At first, stopping by a graveyard may not seem like a roadside attraction worth making the time. But what if it was an airplane graveyard? If you find yourself driving West on I-40 after a full day at the Grand Canyon, I highly suggest making a quick stop to see the “collection” of retired and parted-out aircraft at the Kingman Airport.
We stopped by the Kingman Airport at the perfect time. As the sun began to set, the sky exploded with color like cotton candy at the county fair. The sky painted the mountains a deep purple, an ideal backdrop for the hardened rusty aircraft.
The Road Less Traveled
Getting to the fenceline wasn’t as straightforward as we hoped. We found ourselves slowly making our way to the aircraft from a winding dirt road. Aaron’s little Elantra was racing against the setting sun, as we followed a Google Earth photo of the airport. It looked as if many years ago the road was more defined. Now, the upkeep of the perimeter road is reliant on visitors willing to drive in the sandy and sometimes steep road.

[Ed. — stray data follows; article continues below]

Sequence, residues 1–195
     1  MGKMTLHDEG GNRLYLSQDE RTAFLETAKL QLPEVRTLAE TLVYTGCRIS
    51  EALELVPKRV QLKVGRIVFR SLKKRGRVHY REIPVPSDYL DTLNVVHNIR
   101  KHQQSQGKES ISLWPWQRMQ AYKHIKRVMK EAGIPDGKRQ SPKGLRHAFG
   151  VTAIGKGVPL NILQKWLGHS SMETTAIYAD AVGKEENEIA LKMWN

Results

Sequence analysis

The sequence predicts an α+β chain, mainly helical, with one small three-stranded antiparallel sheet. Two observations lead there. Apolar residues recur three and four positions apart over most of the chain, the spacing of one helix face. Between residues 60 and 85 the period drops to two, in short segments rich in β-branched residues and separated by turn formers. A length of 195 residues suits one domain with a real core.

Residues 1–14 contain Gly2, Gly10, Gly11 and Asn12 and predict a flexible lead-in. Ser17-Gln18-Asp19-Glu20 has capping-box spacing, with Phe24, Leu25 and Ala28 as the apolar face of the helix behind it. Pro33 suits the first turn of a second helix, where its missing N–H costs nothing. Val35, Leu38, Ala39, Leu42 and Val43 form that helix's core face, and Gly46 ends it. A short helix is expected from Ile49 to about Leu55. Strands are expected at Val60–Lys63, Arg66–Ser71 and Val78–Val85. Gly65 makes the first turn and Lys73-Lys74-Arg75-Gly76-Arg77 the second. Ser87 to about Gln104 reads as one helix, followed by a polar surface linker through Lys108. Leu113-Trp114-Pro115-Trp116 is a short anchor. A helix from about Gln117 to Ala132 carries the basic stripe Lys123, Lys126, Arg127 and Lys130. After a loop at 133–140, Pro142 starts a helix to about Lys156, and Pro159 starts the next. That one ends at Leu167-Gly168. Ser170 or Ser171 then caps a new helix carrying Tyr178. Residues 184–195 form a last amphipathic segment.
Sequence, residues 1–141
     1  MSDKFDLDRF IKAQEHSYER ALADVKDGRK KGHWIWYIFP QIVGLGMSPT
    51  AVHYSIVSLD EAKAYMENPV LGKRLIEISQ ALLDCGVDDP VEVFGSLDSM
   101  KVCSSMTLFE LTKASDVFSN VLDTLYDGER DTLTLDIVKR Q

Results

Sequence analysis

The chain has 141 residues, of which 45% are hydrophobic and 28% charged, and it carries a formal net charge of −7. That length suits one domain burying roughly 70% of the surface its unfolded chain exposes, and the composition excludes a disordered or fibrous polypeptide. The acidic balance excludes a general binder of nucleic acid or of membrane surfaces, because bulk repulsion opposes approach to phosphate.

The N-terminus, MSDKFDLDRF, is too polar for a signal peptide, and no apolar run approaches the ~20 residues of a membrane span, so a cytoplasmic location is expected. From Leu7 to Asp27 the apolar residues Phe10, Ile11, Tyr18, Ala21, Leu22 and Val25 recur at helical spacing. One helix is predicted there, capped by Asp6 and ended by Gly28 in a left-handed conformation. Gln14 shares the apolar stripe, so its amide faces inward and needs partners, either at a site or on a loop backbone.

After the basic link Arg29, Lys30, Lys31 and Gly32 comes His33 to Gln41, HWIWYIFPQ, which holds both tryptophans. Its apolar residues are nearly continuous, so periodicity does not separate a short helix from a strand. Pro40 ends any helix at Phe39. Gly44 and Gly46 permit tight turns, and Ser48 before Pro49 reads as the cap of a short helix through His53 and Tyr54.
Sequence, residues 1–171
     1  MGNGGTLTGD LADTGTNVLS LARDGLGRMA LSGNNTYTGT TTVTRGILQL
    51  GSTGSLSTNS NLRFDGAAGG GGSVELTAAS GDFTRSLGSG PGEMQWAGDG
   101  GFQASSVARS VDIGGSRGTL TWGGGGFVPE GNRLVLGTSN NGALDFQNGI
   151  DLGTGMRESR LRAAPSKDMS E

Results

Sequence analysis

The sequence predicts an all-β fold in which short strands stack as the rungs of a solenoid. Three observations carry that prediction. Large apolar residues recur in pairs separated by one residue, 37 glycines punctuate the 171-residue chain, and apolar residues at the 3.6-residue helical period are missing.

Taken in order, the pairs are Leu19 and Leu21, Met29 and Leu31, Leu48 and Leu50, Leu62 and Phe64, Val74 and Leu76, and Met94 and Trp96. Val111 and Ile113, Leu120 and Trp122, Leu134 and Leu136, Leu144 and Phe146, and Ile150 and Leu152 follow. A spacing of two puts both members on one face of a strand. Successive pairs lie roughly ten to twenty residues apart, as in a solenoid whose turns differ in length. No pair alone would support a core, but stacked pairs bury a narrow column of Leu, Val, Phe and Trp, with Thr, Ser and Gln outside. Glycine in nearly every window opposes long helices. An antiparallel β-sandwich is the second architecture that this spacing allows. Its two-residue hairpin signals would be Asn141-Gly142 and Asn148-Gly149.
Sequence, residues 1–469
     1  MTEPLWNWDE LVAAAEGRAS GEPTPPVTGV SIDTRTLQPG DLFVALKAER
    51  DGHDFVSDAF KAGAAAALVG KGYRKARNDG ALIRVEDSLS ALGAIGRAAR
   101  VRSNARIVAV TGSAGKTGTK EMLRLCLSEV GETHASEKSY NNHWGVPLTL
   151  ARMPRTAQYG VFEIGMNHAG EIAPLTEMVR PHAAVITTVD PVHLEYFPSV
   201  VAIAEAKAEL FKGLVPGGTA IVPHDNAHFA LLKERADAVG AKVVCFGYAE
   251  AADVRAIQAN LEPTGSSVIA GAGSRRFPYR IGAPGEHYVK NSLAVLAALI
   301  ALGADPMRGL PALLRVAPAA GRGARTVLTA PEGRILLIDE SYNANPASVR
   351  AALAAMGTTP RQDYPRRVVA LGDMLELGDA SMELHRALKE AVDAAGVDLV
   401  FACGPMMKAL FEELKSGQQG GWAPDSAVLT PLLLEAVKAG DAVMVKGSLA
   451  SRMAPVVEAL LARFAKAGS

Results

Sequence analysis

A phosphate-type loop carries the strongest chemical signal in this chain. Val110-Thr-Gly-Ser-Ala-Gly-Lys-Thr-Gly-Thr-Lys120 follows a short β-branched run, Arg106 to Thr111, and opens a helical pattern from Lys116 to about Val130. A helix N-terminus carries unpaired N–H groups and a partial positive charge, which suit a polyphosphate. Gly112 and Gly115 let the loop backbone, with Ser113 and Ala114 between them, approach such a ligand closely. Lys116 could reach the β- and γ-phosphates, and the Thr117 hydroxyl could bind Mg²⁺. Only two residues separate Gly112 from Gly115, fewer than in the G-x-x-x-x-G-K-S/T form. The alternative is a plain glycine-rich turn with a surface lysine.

I started to panic as the tires lost traction going up the sides of a ditch. The Airport at this time was a ghost town, a fitting atmosphere for a graveyard. With no one around, not a soul would be coming to our rescue if we got stuck. In hindsight, we should have given more caution to the mangled bumpers and plastic undercarriages scattered along the dirt road, silently warning us of the misfortune of those who crossed this path before us.
We arrived at the fenceline to marvel at the endless rows of retired metal birds, tired giants. If you were quiet, you could almost hear them tell stories of the people they moved around the world, the crews who flew them, and the airports they visited. Now they are quietly tucked away, in neat rows, staring out into the mountain ranges, as the sunset on their final leg.